Rolls-Royce engines have been selected by Boeing to power the US Navy’s new MQ-25 Stingray aircraft, which will provide unmanned, carrier-based air-to-air refuelling.

The US Navy has awarded the MQ-25A engineering and manufacturing contract to Boeing to provide four aircraft. The MQ-25 is designed to provide the US Navy with a refuelling capability and extend the range of combat aircraft from carriers.

Each MQ-25 aircraft will be powered by a single Rolls-Royce AE 3007N engine, manufactured in Indianapolis, US.

The firm say that the AE 3007N, the latest variant of the Rolls-Royce AE family of engines, will provide more than 10,000 lbs of thrust and additional electrical power to the aircraft.

Jarrett Jones, Rolls-Royce, Executive Vice President, Customer Business, Government Relations and Sales, said:

“Congratulations to Boeing for being selected to develop this historic aircraft in support of the US Navy. For Rolls-Royce, it will expand our UAV expertise with unmanned aircraft in the US Navy fleet, which includes the Triton and Fire Scout aircraft.”

The Pentagon are pursuing the Stringray in order to address the US Navy’s expected fighter shortfall by directing funds to buy additional Super Hornets and accelerate purchases and development of the F-35C, quickly getting F-35Cs into production.

The use of Stringray as a tanker also addresses the carriers’ need for an organic refuelling aircraft, proposed as a mission for the craft since 2014, freeing up the 20-30 percent of Super Hornets performing the mission in a more capable and cost effective manner than modifying the F-35, V-22 Osprey, and E-2D Hawkeye, or bringing the retired S-3 Viking back into service.

Although initially designated the RAQ-25, the designation was changed to MQ-25 Stingray. Stealth requirements will reportedly be “descoped” and it will still be capable of firing missiles or dropping bombs from drop tank pylons, but surveillance and destroying targets will not be its main mission.

0 0 vote
Article Rating
Notify of
Inline Feedbacks
View all comments

The image is of the losing General-Atomics model.


I see there’s a new industry section to the site, don’t these sort of articles belong there?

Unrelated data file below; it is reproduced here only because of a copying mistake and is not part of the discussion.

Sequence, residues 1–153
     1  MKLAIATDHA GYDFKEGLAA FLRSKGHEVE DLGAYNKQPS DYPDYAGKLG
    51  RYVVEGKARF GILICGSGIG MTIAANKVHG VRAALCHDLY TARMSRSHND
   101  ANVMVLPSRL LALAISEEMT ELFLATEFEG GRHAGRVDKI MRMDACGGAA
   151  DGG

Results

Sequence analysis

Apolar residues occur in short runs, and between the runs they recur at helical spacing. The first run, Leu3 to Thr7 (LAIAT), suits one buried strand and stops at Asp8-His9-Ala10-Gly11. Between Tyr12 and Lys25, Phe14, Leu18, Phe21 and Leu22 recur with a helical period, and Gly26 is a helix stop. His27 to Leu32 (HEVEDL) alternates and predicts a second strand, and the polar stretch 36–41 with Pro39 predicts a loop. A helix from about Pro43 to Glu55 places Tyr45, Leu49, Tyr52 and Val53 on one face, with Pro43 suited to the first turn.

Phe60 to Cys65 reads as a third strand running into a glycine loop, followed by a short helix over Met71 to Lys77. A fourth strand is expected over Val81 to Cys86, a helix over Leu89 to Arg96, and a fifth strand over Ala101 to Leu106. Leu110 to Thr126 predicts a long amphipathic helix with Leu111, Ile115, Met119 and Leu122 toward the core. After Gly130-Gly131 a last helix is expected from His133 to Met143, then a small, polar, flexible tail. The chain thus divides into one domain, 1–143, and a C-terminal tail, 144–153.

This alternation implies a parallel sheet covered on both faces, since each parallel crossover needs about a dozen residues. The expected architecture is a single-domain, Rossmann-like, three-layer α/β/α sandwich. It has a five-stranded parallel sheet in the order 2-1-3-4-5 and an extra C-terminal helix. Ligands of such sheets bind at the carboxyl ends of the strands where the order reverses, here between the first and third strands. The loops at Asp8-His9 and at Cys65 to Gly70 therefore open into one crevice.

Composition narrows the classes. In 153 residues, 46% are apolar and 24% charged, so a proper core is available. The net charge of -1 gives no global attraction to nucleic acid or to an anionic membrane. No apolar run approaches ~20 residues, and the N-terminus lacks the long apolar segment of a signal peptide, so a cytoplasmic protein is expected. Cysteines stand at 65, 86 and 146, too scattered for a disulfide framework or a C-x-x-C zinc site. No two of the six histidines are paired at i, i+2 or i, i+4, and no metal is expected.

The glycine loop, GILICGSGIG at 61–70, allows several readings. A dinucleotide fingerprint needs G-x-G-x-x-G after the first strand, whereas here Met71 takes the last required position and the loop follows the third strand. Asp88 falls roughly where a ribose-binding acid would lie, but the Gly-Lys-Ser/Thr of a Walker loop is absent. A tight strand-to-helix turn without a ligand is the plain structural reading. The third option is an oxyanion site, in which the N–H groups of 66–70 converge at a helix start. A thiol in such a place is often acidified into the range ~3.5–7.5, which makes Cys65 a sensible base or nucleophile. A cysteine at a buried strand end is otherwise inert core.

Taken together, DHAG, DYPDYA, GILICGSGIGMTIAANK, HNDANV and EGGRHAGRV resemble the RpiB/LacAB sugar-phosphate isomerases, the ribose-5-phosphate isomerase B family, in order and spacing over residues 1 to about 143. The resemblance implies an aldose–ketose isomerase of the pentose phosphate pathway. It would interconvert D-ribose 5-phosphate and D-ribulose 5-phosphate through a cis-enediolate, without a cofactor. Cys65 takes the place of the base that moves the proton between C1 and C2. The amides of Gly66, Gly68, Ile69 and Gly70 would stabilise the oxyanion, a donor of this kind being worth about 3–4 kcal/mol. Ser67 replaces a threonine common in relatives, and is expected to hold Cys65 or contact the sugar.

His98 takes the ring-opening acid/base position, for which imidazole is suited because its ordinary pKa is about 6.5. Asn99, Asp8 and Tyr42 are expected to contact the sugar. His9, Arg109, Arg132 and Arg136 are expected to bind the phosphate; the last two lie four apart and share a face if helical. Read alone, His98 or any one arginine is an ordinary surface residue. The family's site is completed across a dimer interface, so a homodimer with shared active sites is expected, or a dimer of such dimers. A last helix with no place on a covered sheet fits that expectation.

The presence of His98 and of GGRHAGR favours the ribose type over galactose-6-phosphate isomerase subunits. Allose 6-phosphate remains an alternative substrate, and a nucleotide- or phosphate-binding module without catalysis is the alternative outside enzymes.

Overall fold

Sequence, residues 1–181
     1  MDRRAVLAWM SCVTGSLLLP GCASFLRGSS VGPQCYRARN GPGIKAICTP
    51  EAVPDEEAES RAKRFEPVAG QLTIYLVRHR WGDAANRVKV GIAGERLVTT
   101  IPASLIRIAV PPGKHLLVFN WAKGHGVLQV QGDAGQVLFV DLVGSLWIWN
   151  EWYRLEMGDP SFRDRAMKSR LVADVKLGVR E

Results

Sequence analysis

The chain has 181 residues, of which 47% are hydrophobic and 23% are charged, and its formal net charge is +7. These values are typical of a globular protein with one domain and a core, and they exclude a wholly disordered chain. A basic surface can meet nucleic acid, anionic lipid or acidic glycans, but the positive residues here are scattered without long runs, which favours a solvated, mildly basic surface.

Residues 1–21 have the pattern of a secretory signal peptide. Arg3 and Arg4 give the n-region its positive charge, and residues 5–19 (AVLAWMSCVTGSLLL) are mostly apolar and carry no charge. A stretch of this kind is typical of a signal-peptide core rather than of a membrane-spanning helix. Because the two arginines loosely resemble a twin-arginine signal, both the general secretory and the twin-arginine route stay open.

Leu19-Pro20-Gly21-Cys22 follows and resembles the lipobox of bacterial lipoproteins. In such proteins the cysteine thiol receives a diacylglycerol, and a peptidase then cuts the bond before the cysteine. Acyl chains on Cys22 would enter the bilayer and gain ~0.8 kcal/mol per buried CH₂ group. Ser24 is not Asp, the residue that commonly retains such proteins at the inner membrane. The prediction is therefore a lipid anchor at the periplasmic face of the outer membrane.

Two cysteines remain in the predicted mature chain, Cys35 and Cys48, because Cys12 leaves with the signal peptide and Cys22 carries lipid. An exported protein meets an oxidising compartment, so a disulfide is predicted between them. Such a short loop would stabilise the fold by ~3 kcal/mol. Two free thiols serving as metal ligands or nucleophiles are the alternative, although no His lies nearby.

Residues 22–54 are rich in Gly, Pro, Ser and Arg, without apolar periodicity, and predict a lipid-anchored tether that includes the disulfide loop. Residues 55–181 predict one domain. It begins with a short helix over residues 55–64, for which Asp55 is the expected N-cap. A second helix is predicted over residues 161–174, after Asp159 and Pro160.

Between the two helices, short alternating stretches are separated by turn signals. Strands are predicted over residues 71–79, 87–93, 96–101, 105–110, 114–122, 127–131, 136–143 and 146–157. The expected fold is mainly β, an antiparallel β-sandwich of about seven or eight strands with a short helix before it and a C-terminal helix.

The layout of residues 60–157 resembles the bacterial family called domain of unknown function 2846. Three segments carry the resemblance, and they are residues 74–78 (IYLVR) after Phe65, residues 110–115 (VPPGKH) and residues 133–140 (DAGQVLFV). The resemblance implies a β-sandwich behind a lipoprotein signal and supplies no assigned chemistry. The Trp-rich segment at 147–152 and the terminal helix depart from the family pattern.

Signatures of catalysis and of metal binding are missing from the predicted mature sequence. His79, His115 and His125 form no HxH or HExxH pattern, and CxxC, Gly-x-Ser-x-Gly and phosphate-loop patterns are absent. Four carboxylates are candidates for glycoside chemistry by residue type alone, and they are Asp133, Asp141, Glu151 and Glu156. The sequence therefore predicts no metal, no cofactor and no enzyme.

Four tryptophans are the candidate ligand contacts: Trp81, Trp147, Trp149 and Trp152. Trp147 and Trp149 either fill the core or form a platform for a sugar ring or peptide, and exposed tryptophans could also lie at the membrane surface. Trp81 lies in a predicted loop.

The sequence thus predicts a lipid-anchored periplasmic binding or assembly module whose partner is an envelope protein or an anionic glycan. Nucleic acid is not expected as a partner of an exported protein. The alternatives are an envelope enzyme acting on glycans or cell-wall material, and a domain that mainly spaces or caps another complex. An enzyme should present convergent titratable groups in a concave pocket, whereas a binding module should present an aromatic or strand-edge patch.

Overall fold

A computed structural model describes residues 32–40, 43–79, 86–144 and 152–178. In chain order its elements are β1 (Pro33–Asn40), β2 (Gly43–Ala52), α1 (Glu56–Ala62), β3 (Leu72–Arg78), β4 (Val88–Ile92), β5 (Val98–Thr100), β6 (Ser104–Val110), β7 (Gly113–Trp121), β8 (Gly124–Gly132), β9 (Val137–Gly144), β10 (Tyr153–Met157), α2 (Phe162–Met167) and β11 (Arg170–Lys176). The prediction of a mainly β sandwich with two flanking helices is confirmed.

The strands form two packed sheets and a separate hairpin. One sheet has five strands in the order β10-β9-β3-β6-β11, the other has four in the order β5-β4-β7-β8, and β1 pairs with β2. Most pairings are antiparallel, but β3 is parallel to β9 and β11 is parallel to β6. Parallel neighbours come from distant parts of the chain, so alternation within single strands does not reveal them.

Rolls Royce played a very clever strategic game by buying Allison in 1995 having been involved with the early stages of what became the AE 3007 Series engines with Allison then known as RB580 some years earlier. It gives them the required ‘local build’ access to US military projects like this which provides the funded development and key learning curve. The purchase also gave RR the big maintenance contracts for ex – Allison turboprops used by both US civilian and military operators But just as importantly they also have the engine for Taranis and any future EU FCAS aircraft (Taranis… Read more »


Well done indeed, Rolls Royce for pursuing your Anglo-US endeavour.
Sad though it is to report but cooperation with the French has largely been an excercise in futility for the past 40 years. The pram is surrounded with toys thrown headlong by Gallic mastery. Cameron and the rest of us should have been warned of such by the French national bird: a Cock.

Douglas Newell

I had never realised how apt the symbol was until you mention it. ?


The cooperative project with France on a future UAV is now dead. The funds have been redirected to Tempest.


Not dead, rescoped. Project will now focus on technology development and integration rather than an end product. The project will be feeding in to both Tempest and the Franco-German fighter.


I may be wrong but as far as I know the Adour only has a thrust of approx. 5,000lbs. That’s roughly the thrust available when used on the Hawk aircraft. Even with reheat/afterburners you are still looking as a max thrust of 8,500lbs.